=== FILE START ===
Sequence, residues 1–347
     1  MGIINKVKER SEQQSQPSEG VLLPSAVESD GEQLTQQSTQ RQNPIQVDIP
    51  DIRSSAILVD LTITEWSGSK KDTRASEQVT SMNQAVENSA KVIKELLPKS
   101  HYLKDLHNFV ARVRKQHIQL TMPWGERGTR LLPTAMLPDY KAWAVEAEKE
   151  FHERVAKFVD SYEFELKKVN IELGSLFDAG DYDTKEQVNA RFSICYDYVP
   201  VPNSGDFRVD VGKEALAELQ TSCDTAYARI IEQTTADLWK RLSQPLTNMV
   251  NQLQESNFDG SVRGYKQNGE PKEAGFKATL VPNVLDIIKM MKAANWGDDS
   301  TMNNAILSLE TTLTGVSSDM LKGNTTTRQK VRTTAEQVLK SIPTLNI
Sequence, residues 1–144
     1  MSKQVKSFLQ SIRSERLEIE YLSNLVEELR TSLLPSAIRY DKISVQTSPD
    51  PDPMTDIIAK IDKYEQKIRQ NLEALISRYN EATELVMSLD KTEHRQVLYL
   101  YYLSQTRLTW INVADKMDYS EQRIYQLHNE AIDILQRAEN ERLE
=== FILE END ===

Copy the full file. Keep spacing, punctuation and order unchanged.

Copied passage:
Sequence, residues 1–347
     1  MGIINKVKER SEQQSQPSEG VLLPSAVESD GEQLTQQSTQ RQNPIQVDIP
    51  DIRSSAILVD LTITEWSGSK KDTRASEQVT SMNQAVENSA KVIKELLPKS
   101  HYLKDLHNFV ARVRKQHIQL TMPWGERGTR LLPTAMLPDY KAWAVEAEKE
   151  FHERVAKFVD SYEFELKKVN IELGSLFDAG DYDTKEQVNA RFSICYDYVP
   201  VPNSGDFRVD VGKEALAELQ TSCDTAYARI IEQTTADLWK RLSQPLTNMV
   251  NQLQESNFDG SVRGYKQNGE PKEAGFKATL VPNVLDIIKM MKAANWGDDS
   301  TMNNAILSLE TTLTGVSSDM LKGNTTTRQK VRTTAEQVLK SIPTLNI
Sequence, residues 1–144
     1  MSKQVKSFLQ SIRSERLEIE YLSNLVEELR TSLLPSAIRY DKISVQTSPD
    51  PDPMTDIIAK IDKYEQKIRQ NLEALISRYN EATELVMSLD KTEHRQVLYL
   101  YYLSQTRLTW INVADKMDYS EQRIYQLHNE AIDILQRAEN ERLE